Man caught with 37 rounds of ammunition escapes jail time
A BUSINESSMAN who acted as a mule for 37 rounds of bullets, dodged an immediate jail sentence this week, and was fined $7,500.
Oscar King, who was charged in August of this year with possession of 37 rounds of .40 ammunition without a license, chose to enter a guilty plea at the Serious Offences Court (SOC) on Tuesday, November 3.
The 35-year-old jeweller was found with the bullets at his store in Lower Middle Street Kingstown on August 14. Acting on information received, Corporal 615 Williams headed a party of Rapid Response Unit (RRU) officers to King’s business place. The RRU, at around 1:12 pm, executed a search warrant for arms and ammunition at the store. While searching, they uncovered a grey toolkit under the counter and this was removed, and opened. This action revealed a black plastic bag, and while the police proceeded to open this, King apparently informed them “Officer, is 37 bullets dey in the bag.” This was found to be accurate. After the Corporal cautioned the businessman, he disclosed “Officer is a man bring them here and another man supposed to come collect them, but I take full responsibility” for them.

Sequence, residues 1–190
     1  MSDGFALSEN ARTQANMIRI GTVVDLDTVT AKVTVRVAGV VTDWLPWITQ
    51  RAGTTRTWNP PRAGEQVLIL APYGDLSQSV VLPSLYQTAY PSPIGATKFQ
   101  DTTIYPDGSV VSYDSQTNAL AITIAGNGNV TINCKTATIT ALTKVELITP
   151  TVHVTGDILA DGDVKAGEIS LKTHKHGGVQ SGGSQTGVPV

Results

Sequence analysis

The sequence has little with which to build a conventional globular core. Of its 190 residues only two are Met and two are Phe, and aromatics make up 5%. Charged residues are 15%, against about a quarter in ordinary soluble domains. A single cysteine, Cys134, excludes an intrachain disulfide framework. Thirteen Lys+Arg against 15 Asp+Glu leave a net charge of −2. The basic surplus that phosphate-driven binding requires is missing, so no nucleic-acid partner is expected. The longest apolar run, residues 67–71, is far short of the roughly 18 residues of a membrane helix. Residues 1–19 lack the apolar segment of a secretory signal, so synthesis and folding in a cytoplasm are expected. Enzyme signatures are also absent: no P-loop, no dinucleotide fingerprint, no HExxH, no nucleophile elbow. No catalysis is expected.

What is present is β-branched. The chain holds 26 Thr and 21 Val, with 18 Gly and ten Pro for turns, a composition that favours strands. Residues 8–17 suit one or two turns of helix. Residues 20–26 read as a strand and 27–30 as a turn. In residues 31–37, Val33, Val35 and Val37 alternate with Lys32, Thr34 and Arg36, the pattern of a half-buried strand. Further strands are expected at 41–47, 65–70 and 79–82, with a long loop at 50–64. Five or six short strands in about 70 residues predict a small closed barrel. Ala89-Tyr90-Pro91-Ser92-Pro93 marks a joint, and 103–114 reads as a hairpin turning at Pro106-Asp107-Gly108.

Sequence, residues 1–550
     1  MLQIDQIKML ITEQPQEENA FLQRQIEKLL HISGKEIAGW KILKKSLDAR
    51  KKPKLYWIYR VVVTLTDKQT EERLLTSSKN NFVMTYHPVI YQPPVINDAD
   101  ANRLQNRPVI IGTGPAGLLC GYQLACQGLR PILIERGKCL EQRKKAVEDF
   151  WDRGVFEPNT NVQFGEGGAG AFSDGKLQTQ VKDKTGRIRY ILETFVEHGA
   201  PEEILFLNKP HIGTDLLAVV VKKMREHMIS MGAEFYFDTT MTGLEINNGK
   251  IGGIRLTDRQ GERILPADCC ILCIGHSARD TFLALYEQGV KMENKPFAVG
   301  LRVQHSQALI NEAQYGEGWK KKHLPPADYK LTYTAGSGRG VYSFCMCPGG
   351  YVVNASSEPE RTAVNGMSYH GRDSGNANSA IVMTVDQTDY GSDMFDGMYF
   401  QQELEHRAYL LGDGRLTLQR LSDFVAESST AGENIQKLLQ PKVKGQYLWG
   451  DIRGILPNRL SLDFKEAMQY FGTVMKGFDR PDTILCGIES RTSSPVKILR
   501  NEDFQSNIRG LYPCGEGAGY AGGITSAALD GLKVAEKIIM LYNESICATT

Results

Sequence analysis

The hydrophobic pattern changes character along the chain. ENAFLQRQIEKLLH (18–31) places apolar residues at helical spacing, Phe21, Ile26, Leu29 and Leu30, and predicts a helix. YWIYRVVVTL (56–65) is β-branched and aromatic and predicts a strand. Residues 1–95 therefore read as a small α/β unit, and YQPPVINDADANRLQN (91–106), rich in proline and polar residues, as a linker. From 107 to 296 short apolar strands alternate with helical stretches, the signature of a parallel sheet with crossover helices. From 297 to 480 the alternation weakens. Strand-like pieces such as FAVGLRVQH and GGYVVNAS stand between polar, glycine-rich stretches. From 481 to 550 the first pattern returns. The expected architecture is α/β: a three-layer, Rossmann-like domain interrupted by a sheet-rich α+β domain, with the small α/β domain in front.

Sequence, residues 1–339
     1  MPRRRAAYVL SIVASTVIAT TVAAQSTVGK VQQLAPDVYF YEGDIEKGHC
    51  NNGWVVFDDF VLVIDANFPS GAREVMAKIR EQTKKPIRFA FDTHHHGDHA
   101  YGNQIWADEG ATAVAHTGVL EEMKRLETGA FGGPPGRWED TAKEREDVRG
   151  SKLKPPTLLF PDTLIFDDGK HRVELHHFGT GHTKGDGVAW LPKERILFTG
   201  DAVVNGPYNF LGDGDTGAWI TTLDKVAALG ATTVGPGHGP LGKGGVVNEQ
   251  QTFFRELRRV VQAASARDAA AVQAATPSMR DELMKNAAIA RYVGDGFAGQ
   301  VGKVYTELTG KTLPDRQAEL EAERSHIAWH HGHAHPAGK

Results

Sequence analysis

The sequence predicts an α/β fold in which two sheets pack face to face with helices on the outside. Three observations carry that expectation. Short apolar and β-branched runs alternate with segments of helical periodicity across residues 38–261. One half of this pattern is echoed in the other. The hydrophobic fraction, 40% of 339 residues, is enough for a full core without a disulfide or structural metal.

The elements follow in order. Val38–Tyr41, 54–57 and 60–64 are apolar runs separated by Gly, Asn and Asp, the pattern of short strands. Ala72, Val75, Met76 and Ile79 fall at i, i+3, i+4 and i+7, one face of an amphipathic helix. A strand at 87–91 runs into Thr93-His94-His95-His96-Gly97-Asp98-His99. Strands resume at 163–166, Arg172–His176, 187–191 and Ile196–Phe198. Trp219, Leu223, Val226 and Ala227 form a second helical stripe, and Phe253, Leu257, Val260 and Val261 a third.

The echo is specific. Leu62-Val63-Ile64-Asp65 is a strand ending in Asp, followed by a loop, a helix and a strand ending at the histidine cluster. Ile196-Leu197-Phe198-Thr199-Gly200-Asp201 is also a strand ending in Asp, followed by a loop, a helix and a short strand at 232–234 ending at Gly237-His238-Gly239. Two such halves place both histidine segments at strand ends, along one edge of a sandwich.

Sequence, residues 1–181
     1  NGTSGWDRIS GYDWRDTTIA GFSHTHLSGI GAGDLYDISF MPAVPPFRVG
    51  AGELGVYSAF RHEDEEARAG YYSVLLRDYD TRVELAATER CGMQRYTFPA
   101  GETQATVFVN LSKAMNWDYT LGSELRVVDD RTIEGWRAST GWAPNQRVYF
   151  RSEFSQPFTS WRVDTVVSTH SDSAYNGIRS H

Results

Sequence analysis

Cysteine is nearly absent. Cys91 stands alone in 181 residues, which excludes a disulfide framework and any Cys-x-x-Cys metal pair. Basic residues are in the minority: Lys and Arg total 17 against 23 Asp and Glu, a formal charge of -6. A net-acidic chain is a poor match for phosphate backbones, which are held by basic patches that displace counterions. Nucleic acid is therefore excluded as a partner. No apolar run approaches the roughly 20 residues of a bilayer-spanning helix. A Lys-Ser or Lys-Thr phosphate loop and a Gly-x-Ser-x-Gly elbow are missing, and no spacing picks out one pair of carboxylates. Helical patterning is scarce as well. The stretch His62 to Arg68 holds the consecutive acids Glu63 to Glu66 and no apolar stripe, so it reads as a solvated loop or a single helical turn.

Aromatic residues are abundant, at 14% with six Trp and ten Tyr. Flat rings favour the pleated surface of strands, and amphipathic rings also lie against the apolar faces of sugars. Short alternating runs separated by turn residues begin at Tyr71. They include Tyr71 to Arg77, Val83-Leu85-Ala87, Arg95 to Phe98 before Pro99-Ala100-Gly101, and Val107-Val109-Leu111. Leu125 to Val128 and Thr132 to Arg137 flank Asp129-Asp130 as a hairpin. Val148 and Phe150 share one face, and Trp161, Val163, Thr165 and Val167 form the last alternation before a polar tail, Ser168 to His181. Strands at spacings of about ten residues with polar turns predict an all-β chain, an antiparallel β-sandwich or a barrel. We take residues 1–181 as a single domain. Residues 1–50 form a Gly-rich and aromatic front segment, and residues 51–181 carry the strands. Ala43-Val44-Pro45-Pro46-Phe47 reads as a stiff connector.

King’s lawyer was counsel Charmine Walters, who in her submissions noted that her client was used as a mule just to collect the bullets, and that he was asking for a second chance. She also noted that it was always his intention to enter a guilty plea since the inception.
Senior Prosecutor Adolphus Delplesche informed Chief Magistrate Rechanne Browne that he has knowledge that the defendant’s intention from day one was to plead guilty, which should go to his credit.
He said that he too drew the conclusion that the young man was a mule. Delplesche commented that it was unfortunate for him (King), and noted that prosecution is not, in his opinion, persecution. “Where a man falls short does not necessarily make him a criminal,” the prosecutor commented.
The magistrate stood down the matter before delivering her sentence, and therefore King sat at the Prisoner’s section for some time. After sitting on tenterhooks for a while, anticipating what the outcome will be for an offence that often attracts a jail sentence, the defendant was ultimately fined. Of the $7,500, he had to pay $2,000 forthwith or spend four months in prison, and the balance of $5,500 by December 31, or spend nine months in a jail cell.